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'The Grown-Up Brain': Sharper Than Once Thought

Say you spent an hour in a crowded area like Washington, D.C.'s Union Station, asking middle-aged adults a single question: "So, how's your brain functioning these days?" You might hear answers like these:

"Well, I ran into somebody that I had worked with for several years and could not remember her name at all, and it was really embarrassing," says Ruth Alice White.

Pat Hardy says, "I'm dismayed by the number of times I walk into a room, and then I look around and say wait a minute, what's in here that I could have come for?"

"I forgot something really big last weekend, and I can't remember what it is!" says Jennifer Turvold. "It was like some place I needed to be, or like I took the kids to the wrong place -- it was pretty funny in hindsight, like I can't believe I forgot that -- but I did."

Brains Can Flourish In Middle Age

"Little stumbles," we might call them -- although they can feel like pratfalls. And we're not imagining them. Scientists tell us that as we careen through middle age, our brains do slow down. We have trouble retrieving names, or we get easily distracted. But the news is nowhere as bad as we think. In fact, science writer Barbara Strauch set out to explain why our brains falter in middle age, and wound up writing a book about how they can flourish.

The book is called The Secret Life of The Grown-up Brain, and by grown-up, she means people roughly between the ages of 40 and 65.

In her book, Strauch details studies that suggest that the middle-aged brain is not on a steady decline, and actually improves in a number of areas as time passes.

"There [are] some studies that started in the '50s that traced the same people throughout their lives," Strauch tells Morning Edition's Renee Montagne. "And they find that in this middle span, we get higher scores on all our tests in a whole range of areas, including inductive reasoning, verbal memory, vocabulary -- we're better in that span than we were in our 20s."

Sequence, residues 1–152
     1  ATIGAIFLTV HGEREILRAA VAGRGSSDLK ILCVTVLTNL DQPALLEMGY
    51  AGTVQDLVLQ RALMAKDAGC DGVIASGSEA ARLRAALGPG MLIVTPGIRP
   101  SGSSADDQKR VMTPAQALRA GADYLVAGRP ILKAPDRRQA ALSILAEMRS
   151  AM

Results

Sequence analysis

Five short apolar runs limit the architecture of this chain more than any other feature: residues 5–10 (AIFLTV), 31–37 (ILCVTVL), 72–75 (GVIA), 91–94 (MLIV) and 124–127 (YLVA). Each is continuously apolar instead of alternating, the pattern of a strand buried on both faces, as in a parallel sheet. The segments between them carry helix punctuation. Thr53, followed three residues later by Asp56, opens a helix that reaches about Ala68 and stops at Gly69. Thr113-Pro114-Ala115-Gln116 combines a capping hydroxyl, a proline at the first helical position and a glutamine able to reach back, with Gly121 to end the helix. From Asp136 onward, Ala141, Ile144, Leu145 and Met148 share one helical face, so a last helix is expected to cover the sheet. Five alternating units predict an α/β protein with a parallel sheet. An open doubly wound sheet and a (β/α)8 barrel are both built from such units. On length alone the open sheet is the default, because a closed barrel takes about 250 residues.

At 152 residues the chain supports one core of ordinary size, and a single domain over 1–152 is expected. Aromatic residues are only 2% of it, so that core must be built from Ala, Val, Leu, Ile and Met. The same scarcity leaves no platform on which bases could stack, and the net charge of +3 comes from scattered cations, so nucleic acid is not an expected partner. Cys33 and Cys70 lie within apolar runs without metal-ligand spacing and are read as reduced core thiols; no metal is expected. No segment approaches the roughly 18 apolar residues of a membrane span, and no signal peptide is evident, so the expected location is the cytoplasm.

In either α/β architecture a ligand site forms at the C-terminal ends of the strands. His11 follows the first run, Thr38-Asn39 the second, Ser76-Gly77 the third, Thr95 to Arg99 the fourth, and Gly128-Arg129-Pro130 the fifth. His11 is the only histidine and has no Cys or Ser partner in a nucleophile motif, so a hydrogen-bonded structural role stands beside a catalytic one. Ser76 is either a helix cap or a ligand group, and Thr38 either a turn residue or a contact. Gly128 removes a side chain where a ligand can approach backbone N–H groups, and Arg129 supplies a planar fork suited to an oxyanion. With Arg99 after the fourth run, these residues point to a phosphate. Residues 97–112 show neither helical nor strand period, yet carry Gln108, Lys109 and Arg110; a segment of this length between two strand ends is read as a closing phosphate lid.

'The Brain Sees Connections'

In addition, Strauch says white matter, which is composed of fat and coats the tails of brain cells, is important to the middle-aged brain.

"As we do things, as we learn things, the white matter increases and the brain signals move faster," she says. "And this was also a shock but they find that the white matter peaks in middle age. So that itself might [help explain] middle-aged wisdom. Because the brain sees connections, it sees the full picture. And one friend of mine, she's an AIDS doctor in her 50s, she says 'When I walk into a hospital room now, I can size up the situation much faster.' We get to the gist of an argument faster."

'Get Your Blood Boiling'

Finally, Strauch says exercise and mental stimulation are two of the most important things people can do to maintain a healthy brain, and that, when it comes to stimulation, people might have to work harder than they anticipated.

"I think that crossword puzzles are thought to be not enough anymore," she says. "You're kind of retrieving stuff you already know, there's nothing wrong with them -- but what they do know is that one way or another, you have to push your brain very hard. You have to make it not comfortable. And there's some science that says that even talking with people who disagree with you is good basically. It helps you sharpen your own thinking, it challenges those – the brain likes a good rut and we need to kick them out of those ruts a little bit. If you always watch MSNBC, maybe you should switch to Fox for a little bit, just to get your blood boiling a little bit."

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